US 4328164 A
This invention provides a general method for the conversion of alkenes to primary vicinal diamines by use of a cobalt alkylnitroso complex and reduction with lithium aluminum hydride. A preferred species has the structure ##STR1##
1. A compound of the structure
wherein R1 is phenyl, hydrogen or alkyl, R2 is phenyl, hydrogen or alkyl, R3 is phenyl, hydrogen or alkyl and R4 is phenyl, hydrogen or alkyl, and at least one of R1, R2, R3 and
2. The compound ##STR19##
This invention relates generally to a reagent for aminating alkenes, and more particularly to a cobalt alkylnitroso complex useful for converting alkenes to primary vicinal diamines.
The invention described herein was made in the course of, or under, a grant from the National Institutes of Health.
Vicinal diamines are useful precursors in many syntheses of practical application. In pharmaceutical applications, vicinal diamine precursors are useful to synthesize various biologically active compounds. For example, Biotin may be synthesized from a diamine precursor of the structure ##STR2## by conversion of the vicinal, primary amino groups to a cyclic urea structure as an intermediate compound.
Vicinal diamines are also used in preparing various types of polymers and in preparing chelating agents, for example from diamine precursors such as ##STR3## It is particularly desirable for many syntheses that vicinal diamines have primary diamino groups, since derivatives are more easily formed therefrom than with secondary or tertiary amines.
Several reagents have been developed in the last decade for the conversion of various specific olefins to diamines. These reagents have not been suitable for converting a variety of olefins to diamines, or have not produced primary vicinal diamines. It has been reported by Brunner and Loskot, Agnew. Chem. Internat. Edit. 10,515(1971) and J. Organonet. Chem. 61,401(1973), that a cobalt nitrosyl dimer of the structure ##STR4## reacts in the presence of NO with norbornene to give a complex of the structure It was noted that the above complex appeared to react with both LiAlH4 and I2 ; however, the products of these reactions were not reported.
Accordingly, a general, substantially direct method for the preparation of primary vicinal diamines has hitherto been lacking. Additionally, for applications such as synthesizing biologically active compounds, it is desirable that the vicinal diamine precursor be of substantially one stereoisometric form. Biotin, for example, requires a cis primary diamine precursor.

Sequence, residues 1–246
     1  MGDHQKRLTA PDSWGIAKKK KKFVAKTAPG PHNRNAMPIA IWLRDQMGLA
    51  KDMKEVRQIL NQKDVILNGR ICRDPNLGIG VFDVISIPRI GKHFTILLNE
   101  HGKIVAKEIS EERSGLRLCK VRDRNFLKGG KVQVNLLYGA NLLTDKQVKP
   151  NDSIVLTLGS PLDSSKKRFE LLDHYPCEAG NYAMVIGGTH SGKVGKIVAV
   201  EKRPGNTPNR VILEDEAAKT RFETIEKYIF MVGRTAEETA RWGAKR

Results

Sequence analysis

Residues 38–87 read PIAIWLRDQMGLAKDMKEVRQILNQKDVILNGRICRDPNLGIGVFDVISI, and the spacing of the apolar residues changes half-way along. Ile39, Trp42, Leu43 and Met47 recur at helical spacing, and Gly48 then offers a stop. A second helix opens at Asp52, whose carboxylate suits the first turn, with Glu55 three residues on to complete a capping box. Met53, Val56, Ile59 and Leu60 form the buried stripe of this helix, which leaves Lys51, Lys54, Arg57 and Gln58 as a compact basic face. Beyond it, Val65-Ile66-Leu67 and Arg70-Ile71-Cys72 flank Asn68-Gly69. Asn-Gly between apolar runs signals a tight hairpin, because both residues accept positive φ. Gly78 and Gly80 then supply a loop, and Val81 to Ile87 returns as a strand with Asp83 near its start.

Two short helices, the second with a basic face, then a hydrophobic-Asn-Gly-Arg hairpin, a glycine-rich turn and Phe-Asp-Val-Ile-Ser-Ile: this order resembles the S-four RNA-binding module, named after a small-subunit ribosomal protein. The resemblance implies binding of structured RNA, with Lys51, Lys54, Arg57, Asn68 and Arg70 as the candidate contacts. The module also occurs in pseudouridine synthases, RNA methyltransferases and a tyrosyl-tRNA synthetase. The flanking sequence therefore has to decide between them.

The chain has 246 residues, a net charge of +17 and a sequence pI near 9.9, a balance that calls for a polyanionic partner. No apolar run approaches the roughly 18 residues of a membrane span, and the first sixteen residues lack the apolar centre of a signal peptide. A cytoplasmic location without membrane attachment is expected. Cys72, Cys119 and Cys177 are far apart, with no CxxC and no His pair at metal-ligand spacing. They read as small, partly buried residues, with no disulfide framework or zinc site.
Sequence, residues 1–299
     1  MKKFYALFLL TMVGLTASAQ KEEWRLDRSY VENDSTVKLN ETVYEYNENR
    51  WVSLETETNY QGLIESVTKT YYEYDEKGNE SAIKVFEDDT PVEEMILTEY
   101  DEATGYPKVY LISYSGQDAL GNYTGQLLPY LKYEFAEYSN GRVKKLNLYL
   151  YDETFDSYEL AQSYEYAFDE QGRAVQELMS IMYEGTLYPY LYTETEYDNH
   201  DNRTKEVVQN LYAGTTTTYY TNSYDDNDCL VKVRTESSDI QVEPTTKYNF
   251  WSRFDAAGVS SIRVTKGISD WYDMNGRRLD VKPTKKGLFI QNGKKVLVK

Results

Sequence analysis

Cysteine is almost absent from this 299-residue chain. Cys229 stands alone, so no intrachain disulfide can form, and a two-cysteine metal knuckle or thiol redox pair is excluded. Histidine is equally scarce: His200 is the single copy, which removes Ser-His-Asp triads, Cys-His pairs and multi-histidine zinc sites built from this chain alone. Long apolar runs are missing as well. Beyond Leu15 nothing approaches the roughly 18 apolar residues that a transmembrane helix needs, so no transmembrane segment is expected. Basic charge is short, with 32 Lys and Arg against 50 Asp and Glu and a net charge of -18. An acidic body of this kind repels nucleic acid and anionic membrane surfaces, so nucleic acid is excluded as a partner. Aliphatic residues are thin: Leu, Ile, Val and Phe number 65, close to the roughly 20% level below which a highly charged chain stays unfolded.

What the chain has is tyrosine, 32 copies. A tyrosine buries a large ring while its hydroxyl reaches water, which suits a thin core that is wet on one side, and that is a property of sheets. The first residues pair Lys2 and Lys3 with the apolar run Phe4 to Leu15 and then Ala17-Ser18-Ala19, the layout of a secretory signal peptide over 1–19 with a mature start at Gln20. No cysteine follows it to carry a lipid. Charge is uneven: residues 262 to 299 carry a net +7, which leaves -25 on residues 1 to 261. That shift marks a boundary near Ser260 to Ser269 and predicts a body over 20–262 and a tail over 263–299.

It is an object of the present invention to provide a stable reagent useful for converting a variety of alkenes to primary diamines having adjacent amino groups.
It is a further object of the present invention to provide a method for preparing a diamine compound having primary adjacent amino groups in good to excellent isolated yields.
It is yet another object of the present invention to provide a method for preparing a diamine compound having primary adjacent amino groups and a plurality of stereoisomers to yield a reaction product of at least about 65% of one of the stereoisomers.
In one aspect of the present invention, a compound is provided which has the structure ##STR5## wherein R1 is phenyl, hydrogen or alkyl, R2 is phenyl, hydrogen or alkyl, R3 is phenyl, hydrogen or alkyl and R4 is phenyl, hydrogen or alkyl.
In another aspect of the present invention, a method for preparing a diamine compound having primary adjacent amino groups comprises the steps of providing a reagent of the above-described structure and contacting the reagent with LiAlH4 to form the diamine compound.
In a further aspect of the present invention a method for aminating a compound having a carbon-carbon double bond to prepare a diamine product compound comprises admixing a reaction mixture consisting essentially of a reagent of the structure ##STR6## and the compound having the carbon-carbon double bond, the reagent reacting with the compound to form an adduct compound, and contacting the reaction mixture having the adduct compound therein with LiAlH4.
Accordingly, this invention provides a general method for the direct conversion of a variety of alkenes by utilizing a cobalt alkylnitroso complex in accordance with the present invention. Yields of up to 90% of diamine product, and good to excellent stereoselectivity may be obtained in accordance with the present invention.
Additional objects, advantages and novel features of the invention will be set forth in part in the description which follows, and in part will become apparent to those skilled in the art upon examination of the following description or as may be learned by practice of the invention.
The present invention provides novel precursor compounds which may be readily reduced to diamine compounds having primary adjacent amino groups thereon. These novel compounds shall first be described, and the method aspects of the present invention shall then be described.